He’s never won in Germany – whether in the European or German Grand Prix – the latter of which has seen Kimi Räikkönen retire six times. Can this finally be the year for the Iceman at Hockenheim?
Q: Do you have everything you need to be successful at Hockenheim ?
KR: Yes. We’ve got a good car, we understand the tyres quite well, we’ve shown that we can be fast and race well… there’s no reason why we shouldn’t be fighting for another podium.
Q: What is it about Germany that hasn’t been kind to you in the past ?
KR: I don’t know, maybe I did something bad in a former life ? I’ve always enjoyed driving in Germany, but the problem is that luck has never been on my side there and something has always happened to stop me winning. I’ve had four pole positions which shows my speed on German soil, but six retirements haven’t been what I wanted.
Q: Does it set you more of a challenge having raced in Germany fifteen times but never taken a win ?
KR: Not really. A race is just a race and you always try to do your best. In the past, the races I’ve contested in Germany have never gone as I had been hoping for. Obviously both circuits – Hockenheim and the Nürburgring – have not been very kind to me. I like them both and I have always been very competitive there. Maybe it will all come together this year.
Q: Looking back to Silverstone, the E20 seemed to be going well ?
KR: We were really quick on the hard tyres, especially at the end of the race. It’s just a shame we didn’t have the space on track to use it for the whole race as unfortunately I spent quite a lot of time stuck behind slower cars so we couldn’t show our full pace until we were in clear air. We were close to Felipe [Massa] at the end, but we just didn’t have enough laps left to get another position. I was really pleased with the car. It felt good all weekend and we’re definitely getting closer to finding the full speed from it.
Q: What do you need for a fast lap at Hockenheim ?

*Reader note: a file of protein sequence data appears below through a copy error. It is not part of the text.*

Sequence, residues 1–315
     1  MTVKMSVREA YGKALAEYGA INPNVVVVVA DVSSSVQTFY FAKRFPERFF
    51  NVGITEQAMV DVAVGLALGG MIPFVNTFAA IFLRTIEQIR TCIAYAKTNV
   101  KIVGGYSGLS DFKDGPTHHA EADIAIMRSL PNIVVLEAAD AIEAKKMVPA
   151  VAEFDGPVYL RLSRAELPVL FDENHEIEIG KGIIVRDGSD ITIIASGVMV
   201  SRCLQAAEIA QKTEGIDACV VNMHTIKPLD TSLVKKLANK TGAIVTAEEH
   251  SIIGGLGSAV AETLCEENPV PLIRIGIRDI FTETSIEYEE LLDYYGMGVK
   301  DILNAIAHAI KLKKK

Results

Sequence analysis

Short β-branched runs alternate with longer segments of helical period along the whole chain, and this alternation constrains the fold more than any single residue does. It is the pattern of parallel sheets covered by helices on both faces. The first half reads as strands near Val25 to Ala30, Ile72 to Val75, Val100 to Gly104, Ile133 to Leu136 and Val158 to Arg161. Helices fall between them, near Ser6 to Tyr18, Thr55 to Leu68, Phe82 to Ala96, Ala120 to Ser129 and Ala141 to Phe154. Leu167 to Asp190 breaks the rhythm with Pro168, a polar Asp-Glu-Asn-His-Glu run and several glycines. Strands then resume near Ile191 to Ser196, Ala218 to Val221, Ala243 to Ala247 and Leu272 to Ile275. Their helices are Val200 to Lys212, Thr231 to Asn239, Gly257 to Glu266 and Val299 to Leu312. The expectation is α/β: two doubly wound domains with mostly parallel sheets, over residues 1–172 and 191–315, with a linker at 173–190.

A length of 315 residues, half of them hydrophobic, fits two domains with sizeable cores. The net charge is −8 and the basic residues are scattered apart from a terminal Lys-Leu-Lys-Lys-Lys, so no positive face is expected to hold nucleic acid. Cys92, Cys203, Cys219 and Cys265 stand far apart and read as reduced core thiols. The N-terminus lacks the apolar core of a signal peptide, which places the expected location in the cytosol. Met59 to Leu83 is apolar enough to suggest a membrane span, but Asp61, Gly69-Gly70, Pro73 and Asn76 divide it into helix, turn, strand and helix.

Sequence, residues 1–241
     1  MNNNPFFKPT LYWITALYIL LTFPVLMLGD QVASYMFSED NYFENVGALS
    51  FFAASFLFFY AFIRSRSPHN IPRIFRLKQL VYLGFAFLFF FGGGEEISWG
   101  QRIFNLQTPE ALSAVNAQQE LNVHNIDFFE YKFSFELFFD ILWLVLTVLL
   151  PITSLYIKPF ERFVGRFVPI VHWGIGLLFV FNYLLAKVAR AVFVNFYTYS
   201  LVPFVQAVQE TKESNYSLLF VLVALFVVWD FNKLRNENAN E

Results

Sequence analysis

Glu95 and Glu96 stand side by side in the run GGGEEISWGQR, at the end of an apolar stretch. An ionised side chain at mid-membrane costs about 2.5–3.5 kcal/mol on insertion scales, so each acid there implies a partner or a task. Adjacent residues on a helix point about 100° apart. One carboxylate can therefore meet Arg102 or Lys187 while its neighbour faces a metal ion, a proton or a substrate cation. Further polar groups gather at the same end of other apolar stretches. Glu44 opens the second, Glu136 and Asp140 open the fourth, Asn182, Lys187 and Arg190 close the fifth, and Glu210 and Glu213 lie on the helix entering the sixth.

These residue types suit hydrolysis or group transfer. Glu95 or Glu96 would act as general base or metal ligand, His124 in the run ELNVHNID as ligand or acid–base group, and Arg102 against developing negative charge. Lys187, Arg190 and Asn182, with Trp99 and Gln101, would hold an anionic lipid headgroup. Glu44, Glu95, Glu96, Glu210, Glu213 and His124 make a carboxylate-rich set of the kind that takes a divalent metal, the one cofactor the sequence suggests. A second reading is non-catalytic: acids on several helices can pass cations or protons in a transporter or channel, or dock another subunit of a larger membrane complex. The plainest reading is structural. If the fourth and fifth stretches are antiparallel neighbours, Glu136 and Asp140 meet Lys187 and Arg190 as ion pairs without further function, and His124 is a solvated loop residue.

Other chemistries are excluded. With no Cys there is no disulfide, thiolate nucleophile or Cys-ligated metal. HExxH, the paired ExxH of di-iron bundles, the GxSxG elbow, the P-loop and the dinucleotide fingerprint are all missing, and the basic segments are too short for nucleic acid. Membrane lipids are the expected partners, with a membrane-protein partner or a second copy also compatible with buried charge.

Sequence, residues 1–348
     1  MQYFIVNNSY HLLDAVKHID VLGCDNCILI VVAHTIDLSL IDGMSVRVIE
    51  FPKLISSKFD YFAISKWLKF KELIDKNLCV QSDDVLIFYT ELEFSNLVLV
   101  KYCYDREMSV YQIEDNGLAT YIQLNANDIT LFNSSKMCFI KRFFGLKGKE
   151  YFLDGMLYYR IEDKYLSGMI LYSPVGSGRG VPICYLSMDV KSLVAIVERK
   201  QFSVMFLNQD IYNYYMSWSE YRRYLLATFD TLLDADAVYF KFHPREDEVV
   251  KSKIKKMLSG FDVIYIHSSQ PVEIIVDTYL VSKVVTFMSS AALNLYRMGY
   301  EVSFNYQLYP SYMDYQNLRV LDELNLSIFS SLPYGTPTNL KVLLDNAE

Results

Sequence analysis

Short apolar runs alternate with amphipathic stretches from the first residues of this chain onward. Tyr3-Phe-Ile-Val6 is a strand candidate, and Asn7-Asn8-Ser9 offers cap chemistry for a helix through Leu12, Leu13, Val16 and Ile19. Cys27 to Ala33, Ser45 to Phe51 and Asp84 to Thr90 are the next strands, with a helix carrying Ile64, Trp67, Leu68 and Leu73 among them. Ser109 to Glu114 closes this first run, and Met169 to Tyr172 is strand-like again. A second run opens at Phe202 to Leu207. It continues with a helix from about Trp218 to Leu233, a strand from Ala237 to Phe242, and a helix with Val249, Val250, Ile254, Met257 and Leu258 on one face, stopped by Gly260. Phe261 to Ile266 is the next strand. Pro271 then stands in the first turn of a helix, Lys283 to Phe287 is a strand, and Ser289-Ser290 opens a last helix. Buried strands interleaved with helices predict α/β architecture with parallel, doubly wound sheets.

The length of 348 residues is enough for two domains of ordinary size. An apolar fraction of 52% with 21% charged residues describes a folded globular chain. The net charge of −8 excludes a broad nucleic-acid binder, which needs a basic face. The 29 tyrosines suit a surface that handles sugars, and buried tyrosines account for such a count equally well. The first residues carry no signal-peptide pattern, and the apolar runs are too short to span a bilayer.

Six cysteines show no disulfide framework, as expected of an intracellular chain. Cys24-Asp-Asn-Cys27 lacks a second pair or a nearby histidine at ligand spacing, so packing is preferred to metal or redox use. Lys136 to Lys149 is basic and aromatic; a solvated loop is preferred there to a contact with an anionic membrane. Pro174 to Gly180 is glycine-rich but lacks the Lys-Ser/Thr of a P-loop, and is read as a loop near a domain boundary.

KR: The car can make all the difference here, and luckily we’ve got a good one. You need good traction out of the corners and if you’re lacking rear grip it’s hard to get the pace from the car to challenge for the top positions. How important is it to qualify at the front ? When I was last in Hockenheim in 2008 overtaking was quite difficult. Not as tricky as some circuits, but not easy at all. This year with the tyres, the KERS and the DRS it could be easier to overtake, especially if we are better on our tyres than the opposition. It’s not all about qualifying at Hockenheim, but certainly it makes life easier when you start from the front and have clean air.
Q: So a start from the front and clean air ahead ; anything else you’d like in Germany ?
KR: Some hot weather would be good. Usually in Hockenheim it has been very hot and everybody has had problems with the tyres going off. Obviously, for us, the hot weather suits the car fine. Our car prefers the hot temperatures and in the long runs it’s not that hard on tyres. Let’s have some real summer weather in Hockenheim.
2 thoughts on “German GP Preview – Interview with Kimi”
Yes, I agree with Kimi. This year is all about tyres, and not much more. One of the worst casualties of the whole tyre debacle is Jenson Button.
Nonetheless, if its hot in Germany, then I do believe the E20 will shine. However, both Kimi or Romain must get a pole position – or pretty close up there – so that they could be in clean air from the beginning. That is the key to 2012 wins, because the cars are so evenly matched this season. Anyone could win in Germany, or anywhere else for that matter. It’s that close.
Lets hope kimi wins..